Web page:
Download Full Text (116 KB)

Faculty Advisors

Reinthal, Ann; Ekelman, Beth; Espy, Debbie


Introduction and Purpose Individuals post-stroke frequently have impairments in balance and mobility. This study aims to increase mobility through high intensity balance training in a multi-directional harness system using video gaming to add environmental and tsk complexity. We hypothesize the training will improve balance, mobility, and decrease falls. Methods In this case series, two adults post-stroke completed seven sessions of balance training using four adapted commercial video games from the X-Box Kinect™ (20,000 Leaks (L), Reflex Ridge (R), Table Tennis (T), and Target Kick (K)) on varied types of floor surfaces. These games were chosen to challenge various aspects of balance. They played the games while wearing a fall-preventing harness in a supporting framework that allowed them to move freely in a 7' by 8' area. A progression algorithm was used to advance to game difficulty, thereby maintaining high intensity, challenging training. Motion capture and clinical measures (Berg Balance Scale, Timed Up and Go (TUG), Activities-Specific Balance Confidence Scale (ABC)) were used to assess changes from the training. Motion capture data were processed using Cortex (Motion Analysis Corp™) to find the distance traveled as well as the maximum velocity of critical body segments for each game (center of mass for L and R, racket hand for T, and hemiplegic foot for K). Pre- to post-test scores were compared descriptively. Result With a few exceptions, the participants improved in maximum velocity and distance travelled of the selected markers as well as for the TUG and Berg. ABC scores remained at similar levels and Participant 2 moved less and with a lower maximum velocity in R, while Participant 1 did not increase maximum hand speed in T. Discussion and Conclusion Overall, balance measures improved after the training sessions with the exceptions noted above. The ABC, which represents the participant’s balance confidence, did not improve. Nevertheless, both participant reported that they were moving better at home. Also, in R, Participant 2’s velocity and movement distance decreased; however this may have been a reflection of more efficient movement patterns rather than poorer performance. Subject 1’s numbers increased in this game as he began jumping during the game about half way through the sessions.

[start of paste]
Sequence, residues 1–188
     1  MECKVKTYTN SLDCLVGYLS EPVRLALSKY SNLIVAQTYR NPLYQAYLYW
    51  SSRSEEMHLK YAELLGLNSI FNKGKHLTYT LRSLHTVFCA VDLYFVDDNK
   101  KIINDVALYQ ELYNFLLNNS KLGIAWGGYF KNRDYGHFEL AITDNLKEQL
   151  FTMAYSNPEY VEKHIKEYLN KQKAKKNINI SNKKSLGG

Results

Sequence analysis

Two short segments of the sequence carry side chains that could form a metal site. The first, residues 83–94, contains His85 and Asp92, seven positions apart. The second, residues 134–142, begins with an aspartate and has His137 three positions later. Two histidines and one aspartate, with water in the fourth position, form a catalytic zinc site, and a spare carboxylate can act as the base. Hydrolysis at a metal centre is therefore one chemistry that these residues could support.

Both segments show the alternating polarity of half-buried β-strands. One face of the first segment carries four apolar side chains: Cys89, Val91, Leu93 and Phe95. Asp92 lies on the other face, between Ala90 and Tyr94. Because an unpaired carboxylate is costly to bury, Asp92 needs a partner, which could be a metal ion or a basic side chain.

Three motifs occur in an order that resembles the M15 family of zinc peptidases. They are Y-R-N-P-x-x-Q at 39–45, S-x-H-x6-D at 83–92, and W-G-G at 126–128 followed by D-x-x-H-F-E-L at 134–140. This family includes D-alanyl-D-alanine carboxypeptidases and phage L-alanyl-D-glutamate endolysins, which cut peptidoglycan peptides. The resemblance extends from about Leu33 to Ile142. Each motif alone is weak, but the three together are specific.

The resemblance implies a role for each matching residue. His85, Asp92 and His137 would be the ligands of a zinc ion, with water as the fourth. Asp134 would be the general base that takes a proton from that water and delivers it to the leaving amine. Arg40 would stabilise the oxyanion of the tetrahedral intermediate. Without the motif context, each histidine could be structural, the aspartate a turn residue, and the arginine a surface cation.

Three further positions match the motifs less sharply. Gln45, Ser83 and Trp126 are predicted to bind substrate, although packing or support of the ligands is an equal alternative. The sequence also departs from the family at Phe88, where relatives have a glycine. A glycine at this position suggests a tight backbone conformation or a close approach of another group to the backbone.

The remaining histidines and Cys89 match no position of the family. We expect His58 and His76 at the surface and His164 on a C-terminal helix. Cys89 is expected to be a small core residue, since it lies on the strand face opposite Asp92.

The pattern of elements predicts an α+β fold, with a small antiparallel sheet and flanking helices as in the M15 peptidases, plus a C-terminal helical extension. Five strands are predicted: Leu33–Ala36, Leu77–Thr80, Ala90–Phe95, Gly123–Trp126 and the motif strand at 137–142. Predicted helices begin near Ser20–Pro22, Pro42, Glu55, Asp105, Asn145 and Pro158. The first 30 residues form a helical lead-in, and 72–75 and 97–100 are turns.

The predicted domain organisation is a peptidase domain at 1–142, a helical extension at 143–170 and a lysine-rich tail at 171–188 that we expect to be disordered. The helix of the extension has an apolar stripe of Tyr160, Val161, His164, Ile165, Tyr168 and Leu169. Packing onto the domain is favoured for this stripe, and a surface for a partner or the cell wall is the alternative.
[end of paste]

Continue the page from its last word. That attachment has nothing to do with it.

Publication Date



College of Sciences and Health Professions


School of Health Sciences


Medicine and Health Sciences

Balance Training Using the Multi-directional Harness System